With racial diversity growing in many suburban and rural areas, several recent awards are especially important.
The national Coalition of Schools Educating Boys of Color, online at http://www.coseboc.org, has recently recognized five outstanding district and charter public schools, including one in Minnesota.
Coalition Director Ron Walker has spent 42 years as a public teacher and principal and won numerous awards. Walker wisely is not interested in which are better, district or charter public schools.
“We focus on our mission: to identify schools that are succeeding, whether district or charter, with young men of color,” he said. “We want to inspire, strengthen, support and connect school leaders who are dedicated to the social, emotional and academic development of boys and young men of color.”
The Best Academy, a Minneapolis charter school, was one of the schools recognized. Minneapolis Public Schools Superintendent Bernadeia Johnson wrote that Best “has an impressive record of educating black boys at the highest levels of achievement, outperforming all other schools in Minneapolis and across the state. . . . Best is a beacon of success and achievement.”
(Full disclosure — the Center for School Change, where I work, has partnered over the past few years with Best as part of a Cargill Foundation-funded project.)
Attorney Jeff Hassan also endorsed the school, in part because of his grandson, Malik.
“Once he entered the public school system in the suburb where we live, he did not continue to grow and prosper,” Hassan said.
“Malik was a distinct ethnic minority in his classrooms, and his teachers seemed to have an indifferent attitude towards him and his ability. Teachers did not appear to have the empathy that he needed to grow and develop. … He reported that his teacher often would not call on him in class, despite his raising his hand,” Hassan added.
“In addition, (we) did not see that he was receiving the academic rigor that we expected, and homework was not being sent home despite our requests. … When Malik entered Best Academy in the fifth grade, he was scoring in the 60th percentile in statewide reading and math assessments.
“By the time he graduated from Best Academy in the eighth grade, he was … in the 90th percentile in reading and math. … His eighth grade all-boys class scored 100 percent proficient on the statewide Minnesota Comprehensive Assessment reading test, and scored in the 80th percentile in math almost 50 percent higher than the statewide average. … When Malik entered high school … he tested out of ninth grade math and English, and was placed in advanced level classes,” Hassan said.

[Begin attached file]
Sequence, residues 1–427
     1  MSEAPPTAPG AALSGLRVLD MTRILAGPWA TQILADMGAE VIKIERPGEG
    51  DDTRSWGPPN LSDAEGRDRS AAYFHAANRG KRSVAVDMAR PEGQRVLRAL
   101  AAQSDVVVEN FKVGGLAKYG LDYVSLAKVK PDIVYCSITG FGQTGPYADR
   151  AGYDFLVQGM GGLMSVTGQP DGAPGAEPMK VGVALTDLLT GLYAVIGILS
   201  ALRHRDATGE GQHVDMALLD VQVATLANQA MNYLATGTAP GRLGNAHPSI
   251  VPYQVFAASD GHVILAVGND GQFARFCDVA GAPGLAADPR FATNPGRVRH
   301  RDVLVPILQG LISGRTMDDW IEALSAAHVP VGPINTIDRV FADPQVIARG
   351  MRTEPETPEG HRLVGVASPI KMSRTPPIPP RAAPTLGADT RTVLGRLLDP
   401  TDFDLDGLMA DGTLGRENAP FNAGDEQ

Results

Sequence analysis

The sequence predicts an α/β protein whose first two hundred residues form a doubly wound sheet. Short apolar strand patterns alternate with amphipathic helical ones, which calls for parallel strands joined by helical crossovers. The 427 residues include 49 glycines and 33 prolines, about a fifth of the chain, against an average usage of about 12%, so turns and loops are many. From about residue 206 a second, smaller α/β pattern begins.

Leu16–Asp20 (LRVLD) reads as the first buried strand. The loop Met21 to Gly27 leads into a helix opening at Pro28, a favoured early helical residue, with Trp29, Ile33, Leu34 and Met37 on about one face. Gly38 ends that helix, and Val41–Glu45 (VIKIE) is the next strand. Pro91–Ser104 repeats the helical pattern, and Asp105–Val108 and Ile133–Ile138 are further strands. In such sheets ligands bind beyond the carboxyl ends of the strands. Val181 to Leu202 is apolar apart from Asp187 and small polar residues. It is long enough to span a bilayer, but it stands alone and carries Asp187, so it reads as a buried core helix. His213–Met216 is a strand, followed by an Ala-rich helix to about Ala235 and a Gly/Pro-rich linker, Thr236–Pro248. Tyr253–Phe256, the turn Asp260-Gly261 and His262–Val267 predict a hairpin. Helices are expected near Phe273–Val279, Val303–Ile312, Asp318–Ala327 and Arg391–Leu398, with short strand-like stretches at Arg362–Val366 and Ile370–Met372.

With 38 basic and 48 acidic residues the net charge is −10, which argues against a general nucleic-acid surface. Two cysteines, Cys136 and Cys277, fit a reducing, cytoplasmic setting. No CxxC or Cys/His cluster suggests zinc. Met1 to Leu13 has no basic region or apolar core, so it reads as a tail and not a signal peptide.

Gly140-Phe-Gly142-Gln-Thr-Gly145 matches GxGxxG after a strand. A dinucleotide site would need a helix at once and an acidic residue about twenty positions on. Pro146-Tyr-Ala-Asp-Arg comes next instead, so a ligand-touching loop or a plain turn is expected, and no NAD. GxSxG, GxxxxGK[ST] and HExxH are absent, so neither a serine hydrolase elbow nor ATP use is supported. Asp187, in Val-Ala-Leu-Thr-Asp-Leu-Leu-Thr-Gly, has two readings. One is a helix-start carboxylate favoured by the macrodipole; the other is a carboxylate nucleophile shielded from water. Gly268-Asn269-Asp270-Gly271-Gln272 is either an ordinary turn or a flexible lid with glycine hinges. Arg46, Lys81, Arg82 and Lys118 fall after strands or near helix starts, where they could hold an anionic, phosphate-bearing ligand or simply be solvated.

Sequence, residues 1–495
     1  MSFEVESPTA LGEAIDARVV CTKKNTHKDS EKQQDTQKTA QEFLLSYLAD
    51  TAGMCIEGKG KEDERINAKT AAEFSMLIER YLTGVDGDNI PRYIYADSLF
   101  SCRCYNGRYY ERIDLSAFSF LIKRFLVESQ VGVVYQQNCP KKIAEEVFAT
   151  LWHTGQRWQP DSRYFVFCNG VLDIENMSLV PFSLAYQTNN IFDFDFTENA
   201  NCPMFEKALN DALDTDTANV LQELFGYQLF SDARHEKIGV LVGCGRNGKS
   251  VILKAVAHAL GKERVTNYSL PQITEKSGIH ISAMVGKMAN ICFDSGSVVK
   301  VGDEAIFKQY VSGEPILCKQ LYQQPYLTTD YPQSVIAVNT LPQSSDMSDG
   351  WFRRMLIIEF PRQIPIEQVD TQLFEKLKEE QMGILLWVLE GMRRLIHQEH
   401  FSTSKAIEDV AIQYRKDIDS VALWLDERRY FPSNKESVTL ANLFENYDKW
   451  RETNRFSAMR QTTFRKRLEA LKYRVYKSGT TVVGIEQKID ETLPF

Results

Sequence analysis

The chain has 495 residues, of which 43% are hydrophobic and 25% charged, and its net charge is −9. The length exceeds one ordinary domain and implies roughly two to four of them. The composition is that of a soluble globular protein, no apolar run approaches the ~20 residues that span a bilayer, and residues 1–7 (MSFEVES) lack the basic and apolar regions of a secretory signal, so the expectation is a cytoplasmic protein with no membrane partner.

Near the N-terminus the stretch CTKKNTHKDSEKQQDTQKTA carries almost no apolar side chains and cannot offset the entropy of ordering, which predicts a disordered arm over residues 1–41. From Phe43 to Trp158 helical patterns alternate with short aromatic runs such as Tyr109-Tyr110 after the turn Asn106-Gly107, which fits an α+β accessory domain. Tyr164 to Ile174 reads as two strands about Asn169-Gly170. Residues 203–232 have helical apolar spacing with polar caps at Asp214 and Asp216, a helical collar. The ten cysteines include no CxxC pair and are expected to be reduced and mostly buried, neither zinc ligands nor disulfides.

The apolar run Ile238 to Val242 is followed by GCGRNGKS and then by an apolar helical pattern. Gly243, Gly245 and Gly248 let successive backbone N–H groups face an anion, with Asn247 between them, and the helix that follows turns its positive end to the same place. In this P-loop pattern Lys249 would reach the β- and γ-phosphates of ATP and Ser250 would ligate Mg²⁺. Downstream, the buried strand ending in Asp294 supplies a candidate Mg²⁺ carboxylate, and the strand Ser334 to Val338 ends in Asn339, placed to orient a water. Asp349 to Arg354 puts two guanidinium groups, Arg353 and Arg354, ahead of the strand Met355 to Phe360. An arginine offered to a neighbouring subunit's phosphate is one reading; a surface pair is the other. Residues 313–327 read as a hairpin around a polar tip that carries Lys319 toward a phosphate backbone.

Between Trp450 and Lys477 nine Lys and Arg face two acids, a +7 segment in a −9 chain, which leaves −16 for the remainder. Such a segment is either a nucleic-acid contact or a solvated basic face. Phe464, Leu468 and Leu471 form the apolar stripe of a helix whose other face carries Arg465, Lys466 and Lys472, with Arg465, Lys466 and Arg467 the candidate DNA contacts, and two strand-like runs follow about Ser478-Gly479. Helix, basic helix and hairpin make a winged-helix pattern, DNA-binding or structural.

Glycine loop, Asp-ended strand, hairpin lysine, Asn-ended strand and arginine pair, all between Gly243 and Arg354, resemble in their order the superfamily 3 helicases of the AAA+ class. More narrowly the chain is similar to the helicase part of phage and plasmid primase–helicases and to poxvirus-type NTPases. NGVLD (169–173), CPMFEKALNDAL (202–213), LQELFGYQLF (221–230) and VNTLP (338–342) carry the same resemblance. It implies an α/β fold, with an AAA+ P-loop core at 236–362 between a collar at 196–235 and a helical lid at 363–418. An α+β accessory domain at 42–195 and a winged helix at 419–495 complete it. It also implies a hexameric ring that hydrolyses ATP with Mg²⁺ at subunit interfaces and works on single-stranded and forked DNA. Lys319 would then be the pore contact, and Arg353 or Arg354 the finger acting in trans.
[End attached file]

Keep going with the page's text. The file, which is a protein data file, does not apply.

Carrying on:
The Coalition also honored Jonas E. Salk Elementary and Merrillville High School, both in Merrillville, Ind., a suburban and rural area about 45 miles south of Chicago. Salk enrolls about 650 students in grades K through 4. About 60 percent of its students are from low-income families, 46 percent are African American, 25 percent are white and 18 percent are Hispanic.
Salk Principal Kara Bonin, a 22-year public education veteran, told me that “culture and climate are key” to the progress that the school has shown. “We model and encourage students to be respectful, responsible and safe.” The school uses videos to help students understand what expected behavior looks like.
Bonin notes that 97 percent of students are passing the state’s tests. But “character also is very important. … Every Monday we have a schoolwide meeting where we celebrate student achievements.” The school promotes community service. Salk students have, for example, raised money for a children’s hospital and held food drives.
The two other schools of the five honored are Devonshire Elementary School in Charlotte, N.C., and Thurgood Marshall Academy in Washington, D.C.
Congratulations to the schools that were honored, and thanks to the Coalition for recognizing and sharing their success.
Joe Nathan, formerly a Minnesota public school teacher and administrator, directs the Center for School Change. Reactions welcome, email@example.com